From the archive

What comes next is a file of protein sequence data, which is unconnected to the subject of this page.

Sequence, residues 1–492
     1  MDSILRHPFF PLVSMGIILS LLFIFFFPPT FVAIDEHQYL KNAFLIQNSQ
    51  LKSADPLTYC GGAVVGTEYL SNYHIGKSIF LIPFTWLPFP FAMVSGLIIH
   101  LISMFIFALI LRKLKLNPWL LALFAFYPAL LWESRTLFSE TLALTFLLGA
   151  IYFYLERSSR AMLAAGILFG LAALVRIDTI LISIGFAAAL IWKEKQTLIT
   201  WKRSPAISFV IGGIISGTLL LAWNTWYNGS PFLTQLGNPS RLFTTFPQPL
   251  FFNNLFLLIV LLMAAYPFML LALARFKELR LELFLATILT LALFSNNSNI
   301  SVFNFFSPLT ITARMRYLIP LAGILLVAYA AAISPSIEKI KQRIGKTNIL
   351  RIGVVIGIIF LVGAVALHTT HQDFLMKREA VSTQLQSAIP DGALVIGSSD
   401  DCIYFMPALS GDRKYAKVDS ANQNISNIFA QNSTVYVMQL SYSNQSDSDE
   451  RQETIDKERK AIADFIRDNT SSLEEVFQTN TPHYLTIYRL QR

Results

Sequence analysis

First, I found myself in the exhibition repeatedly trying to decide how seriously the fine artists of the Aesthetic Movement looked at the achievements of their applied art comrades; or, if the painter and designer were the same person, how the discipline of the decorative fed – in practice, ‘aesthetically’ – into the subsequent oil painting or bronze. Here is where the comparison with things French remains crushing. All through the show I could not escape the implacable shade of Puvis de Chavannes; he acted as a kind of anti-Lord Leighton for me (with Bonnard as anti-Albert Moore). And the lesson I learn from France is this. A great ‘decorative’ artist – a Puvis, a Hodler, a Matisse – always manages to convince us that the orderliness or simplicity that a body takes on in a painting, maybe in obedience to surface pattern, is an order and artifice that the body has in it. Albert Moore, by contrast, whom the V&A makes much of, seems to me to do the opposite. (Quite deliberately and brilliantly, no doubt, but brilliance and meticulousness have nothing to do with beauty.) In Moore’s Reading Aloud, for instance – a perfect foil for Burne-Jones’s Merlin – the tension between the felt muscular stretching-and-holding of the woman on the right and the figure’s adjustment to a two-dimensional scheme seems to me minimal to the point of vanishing. The one does nothing to the other. The ‘geometry’ is not affected by its being that of a body, and the body does not ‘disclose new aspects’ – aspects of itself – by being fitted into a formal order. My notion of beauty is stuck with the idea that form – the point of form – is the disclosure of new aspects.